Anglers World Final

Saturday the first of September saw myself taking part in this years Anglers World Final at Chew Valley Lake, Somerset.

Having qualified for the final earlier this year by winning the ‘Rutland Water’ heat.

I arrived on the Thursday afternoon and met up with my fishing buddy Nick Dunn to take in a half day exploring on the lake, it wasn’t long before we were into the fish.

Nick hooking into a fish but will he land land it?

Of course he did.

After another day’s practice on the Thursday with another fishing buddy, Tony ‘banana’ Smith I reckon I was pretty set for the final, we had narrowed down that the fish were high in the water and would take nymphs with a small orange fab on the point.

Match day arrived and Chew was looking moody to say the least!

All the competitors arrive at the lodge and listen intently to the brief before the 10am start.

Then it’s off to the boats and last minute preparations.

And it’s an off, around eighty percent of the anglers head for the ‘walley bank’ where the majority of the the practice days catches were made.

It was crowded to say the least, it wasn’t pretty, you just had to get stuck in, thankfully good humour abounded and a lot of leeway was given to other competitors in the crowded conditions.

For me practice really did pay off, I found that a slow intermediate was the best was forward, my particular favourite, the Cortland Blue, was the line of choice. A long 20′ leader with just three home tied flies well spaced out, along with a figure eight retrieve mixed up with some short pulls was the best way to induce takes.

A sample of my match day flies

Match end at 6pm saw everyone heading back to the lodge, I managed to record eight trout. It seemed pretty fair but you do think about the ones that ‘got away’.

The results are in.

Fourteenth place for me, a fair result, a bit of luck, a couple of more fish and who knows.

A great competition and the early heats are a great introduction to competition fishing so why not give it a go.

Tight lines


AWAI Midland Final

23rd July saw myself and the rest of my fishing team, The Musketeers, at Grafham Water, Cambridgeshire to compete in the Midlands Final of the Anglian Water Airflo International competition.

Having already qualified via the Midlands Heat it was going to be a tough ask to get through this round and to the International Final. All our other competitors had qualified through the first round so the pressure was on.

Practice days were totally indifferent with high temperatures for the past few weeks and the fish decidedly off the feed more pressure was on. Just to give an idea of how tough it was going to be, the previous weeks Tuesday night boat league broke a fishery record, 22 rods recorded 22 blanks!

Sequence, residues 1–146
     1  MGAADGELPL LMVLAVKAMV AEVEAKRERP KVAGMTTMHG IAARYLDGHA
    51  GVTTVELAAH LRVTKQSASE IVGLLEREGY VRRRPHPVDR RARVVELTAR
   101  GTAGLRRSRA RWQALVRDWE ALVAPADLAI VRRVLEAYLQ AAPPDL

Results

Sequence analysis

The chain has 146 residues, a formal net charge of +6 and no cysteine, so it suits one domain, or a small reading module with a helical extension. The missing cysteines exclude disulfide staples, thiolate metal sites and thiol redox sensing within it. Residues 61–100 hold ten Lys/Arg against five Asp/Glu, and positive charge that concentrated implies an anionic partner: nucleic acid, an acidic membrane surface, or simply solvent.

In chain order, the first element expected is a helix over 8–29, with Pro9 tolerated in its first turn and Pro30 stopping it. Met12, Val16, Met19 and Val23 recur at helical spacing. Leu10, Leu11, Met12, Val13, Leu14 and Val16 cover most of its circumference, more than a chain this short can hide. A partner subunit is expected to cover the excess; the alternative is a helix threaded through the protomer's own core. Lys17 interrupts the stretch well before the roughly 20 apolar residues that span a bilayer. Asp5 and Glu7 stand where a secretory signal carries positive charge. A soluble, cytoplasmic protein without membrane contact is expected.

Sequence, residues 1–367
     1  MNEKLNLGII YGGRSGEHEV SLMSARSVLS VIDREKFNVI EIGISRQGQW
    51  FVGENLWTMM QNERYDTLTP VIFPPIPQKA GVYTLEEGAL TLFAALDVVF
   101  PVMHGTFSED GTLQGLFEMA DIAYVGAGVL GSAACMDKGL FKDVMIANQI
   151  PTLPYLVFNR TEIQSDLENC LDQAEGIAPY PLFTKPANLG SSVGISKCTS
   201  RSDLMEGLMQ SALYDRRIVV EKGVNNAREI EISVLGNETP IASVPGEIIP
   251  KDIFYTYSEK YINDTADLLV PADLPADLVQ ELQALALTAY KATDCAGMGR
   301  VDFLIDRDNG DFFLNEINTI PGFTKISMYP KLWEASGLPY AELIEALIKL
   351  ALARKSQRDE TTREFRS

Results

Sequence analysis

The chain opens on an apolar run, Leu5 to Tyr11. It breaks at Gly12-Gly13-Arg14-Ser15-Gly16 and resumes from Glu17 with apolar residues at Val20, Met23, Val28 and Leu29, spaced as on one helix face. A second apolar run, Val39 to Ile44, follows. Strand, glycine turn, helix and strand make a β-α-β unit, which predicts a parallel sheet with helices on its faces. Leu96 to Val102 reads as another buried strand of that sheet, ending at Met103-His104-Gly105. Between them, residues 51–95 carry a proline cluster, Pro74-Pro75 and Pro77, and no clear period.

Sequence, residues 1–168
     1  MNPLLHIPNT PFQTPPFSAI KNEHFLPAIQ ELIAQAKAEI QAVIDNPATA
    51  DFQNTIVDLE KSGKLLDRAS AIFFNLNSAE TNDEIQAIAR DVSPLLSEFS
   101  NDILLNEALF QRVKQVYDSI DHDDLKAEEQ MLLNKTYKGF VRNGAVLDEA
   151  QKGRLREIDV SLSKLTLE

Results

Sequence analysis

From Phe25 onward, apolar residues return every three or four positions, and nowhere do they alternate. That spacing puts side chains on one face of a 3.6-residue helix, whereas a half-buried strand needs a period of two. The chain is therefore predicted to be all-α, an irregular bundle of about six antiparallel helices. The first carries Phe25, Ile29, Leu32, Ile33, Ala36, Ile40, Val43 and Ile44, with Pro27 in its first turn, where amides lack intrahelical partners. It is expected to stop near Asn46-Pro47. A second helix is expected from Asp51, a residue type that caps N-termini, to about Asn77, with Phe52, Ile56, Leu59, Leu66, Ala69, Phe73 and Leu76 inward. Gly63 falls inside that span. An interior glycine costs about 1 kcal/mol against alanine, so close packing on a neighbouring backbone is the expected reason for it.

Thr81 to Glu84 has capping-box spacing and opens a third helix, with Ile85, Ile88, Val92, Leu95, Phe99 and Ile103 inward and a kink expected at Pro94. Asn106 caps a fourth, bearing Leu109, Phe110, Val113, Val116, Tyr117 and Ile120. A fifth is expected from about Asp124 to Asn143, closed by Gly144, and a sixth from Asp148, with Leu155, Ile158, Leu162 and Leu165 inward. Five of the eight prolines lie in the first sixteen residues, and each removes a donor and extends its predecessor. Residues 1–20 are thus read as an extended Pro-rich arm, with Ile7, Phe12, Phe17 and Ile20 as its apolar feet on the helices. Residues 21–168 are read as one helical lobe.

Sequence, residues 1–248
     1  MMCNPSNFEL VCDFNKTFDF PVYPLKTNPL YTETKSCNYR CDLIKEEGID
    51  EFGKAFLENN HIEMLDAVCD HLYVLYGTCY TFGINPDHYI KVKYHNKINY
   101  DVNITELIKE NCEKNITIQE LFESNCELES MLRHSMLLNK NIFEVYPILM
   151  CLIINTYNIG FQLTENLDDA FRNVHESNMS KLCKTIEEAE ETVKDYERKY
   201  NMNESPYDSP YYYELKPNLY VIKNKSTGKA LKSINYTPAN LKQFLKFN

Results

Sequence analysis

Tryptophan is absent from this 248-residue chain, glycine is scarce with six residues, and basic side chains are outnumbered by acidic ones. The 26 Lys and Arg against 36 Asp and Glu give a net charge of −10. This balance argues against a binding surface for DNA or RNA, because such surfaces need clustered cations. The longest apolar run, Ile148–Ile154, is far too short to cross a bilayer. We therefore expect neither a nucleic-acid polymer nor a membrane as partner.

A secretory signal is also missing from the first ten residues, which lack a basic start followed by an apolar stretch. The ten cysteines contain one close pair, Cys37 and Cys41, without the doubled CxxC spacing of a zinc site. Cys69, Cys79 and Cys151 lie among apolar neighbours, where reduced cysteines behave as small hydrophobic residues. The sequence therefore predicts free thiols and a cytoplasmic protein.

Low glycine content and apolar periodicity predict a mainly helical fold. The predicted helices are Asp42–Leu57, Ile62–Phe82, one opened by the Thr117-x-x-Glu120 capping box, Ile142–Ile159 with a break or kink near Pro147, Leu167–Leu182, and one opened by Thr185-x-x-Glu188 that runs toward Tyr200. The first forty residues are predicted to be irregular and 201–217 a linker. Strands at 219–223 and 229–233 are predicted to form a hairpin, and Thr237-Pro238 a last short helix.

Pre match preparation

As we loaded the boats at 9.15am it already felt like a sauna.

9.45am, text alert, Heat Wave warning issued for everyone to stay indoors unless absolutely necessary, we must be bonkers thought everyone.

10.00am start saw some relief as we motored out of the harbour and thus creating some breeze.

Drifting onto the North Shore Tower

It was going to be a long day with very few feeding fish found to be around the North Shore Tower. It was going to be a case of grinding it out until the 6pm finish time.

Tactics on the day was the Airflo Booby Basher line fished very deep, around 35′ with boobies and nymphs. A few fish were caught early on then the dreaded quiet period which seemed to go on for hours before it picked up again with an hour or so to go.

Motoring back to the pontoon for the weigh in it was evident not many fish had been caught. A quick head count gave us 16 between the six of us, surly this would be enough.

The results are in

So fingers crossed we did it, second place, pressure off and a place in the International Final.

Then it starts all over again for the final in early October at Rutland Water.

Team Musketeers

A rag tag outfit, but they know how to fish.

Tight lines


Buzzer Action at Rutland Water

It’s been a busy few weeks at Rutland Water.

Finally being able to slow down the fly tying and now being able to put them to good use out on the water!

First up was a practice session for the Anglers World heat at Rutland Water. Fine weather with over cast conditions would mean that the fish would be ‘up’ in the water. So my first line of attack was a washing line set up, small FNF booby on the point with buzzers on a midge tip line. It wasn’t long before I was rewarded with this beauty.

FNF booby does the business.

My boat partner for the day Keith opted for the indicator method with buzzers and it wasn’t long before he was into the fish too.

Keith on the buzzers.